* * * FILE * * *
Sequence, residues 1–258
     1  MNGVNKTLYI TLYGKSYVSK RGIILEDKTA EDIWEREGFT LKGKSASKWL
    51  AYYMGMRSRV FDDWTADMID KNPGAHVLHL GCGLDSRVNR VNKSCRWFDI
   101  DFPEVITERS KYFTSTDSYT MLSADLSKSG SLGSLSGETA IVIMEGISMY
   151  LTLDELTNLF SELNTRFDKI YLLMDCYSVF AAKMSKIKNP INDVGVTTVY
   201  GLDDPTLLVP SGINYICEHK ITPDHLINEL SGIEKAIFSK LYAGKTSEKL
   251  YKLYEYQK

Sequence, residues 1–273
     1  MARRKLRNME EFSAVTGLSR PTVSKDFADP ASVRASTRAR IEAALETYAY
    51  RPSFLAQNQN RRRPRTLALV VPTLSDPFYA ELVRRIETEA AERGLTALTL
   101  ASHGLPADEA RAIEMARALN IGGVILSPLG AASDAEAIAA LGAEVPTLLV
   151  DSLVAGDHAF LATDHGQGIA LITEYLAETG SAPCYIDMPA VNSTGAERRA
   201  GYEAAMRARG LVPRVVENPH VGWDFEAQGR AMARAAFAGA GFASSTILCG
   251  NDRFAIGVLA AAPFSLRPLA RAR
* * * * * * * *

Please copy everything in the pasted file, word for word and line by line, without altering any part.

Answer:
Sequence, residues 1–258
     1  MNGVNKTLYI TLYGKSYVSK RGIILEDKTA EDIWEREGFT LKGKSASKWL
    51  AYYMGMRSRV FDDWTADMID KNPGAHVLHL GCGLDSRVNR VNKSCRWFDI
   101  DFPEVITERS KYFTSTDSYT MLSADLSKSG SLGSLSGETA IVIMEGISMY
   151  LTLDELTNLF SELNTRFDKI YLLMDCYSVF AAKMSKIKNP INDVGVTTVY
   201  GLDDPTLLVP SGINYICEHK ITPDHLINEL SGIEKAIFSK LYAGKTSEKL
   251  YKLYEYQK

Sequence, residues 1–273
     1  MARRKLRNME EFSAVTGLSR PTVSKDFADP ASVRASTRAR IEAALETYAY
    51  RPSFLAQNQN RRRPRTLALV VPTLSDPFYA ELVRRIETEA AERGLTALTL
   101  ASHGLPADEA RAIEMARALN IGGVILSPLG AASDAEAIAA LGAEVPTLLV
   151  DSLVAGDHAF LATDHGQGIA LITEYLAETG SAPCYIDMPA VNSTGAERRA
   201  GYEAAMRARG LVPRVVENPH VGWDFEAQGR AMARAAFAGA GFASSTILCG
   251  NDRFAIGVLA AAPFSLRPLA RAR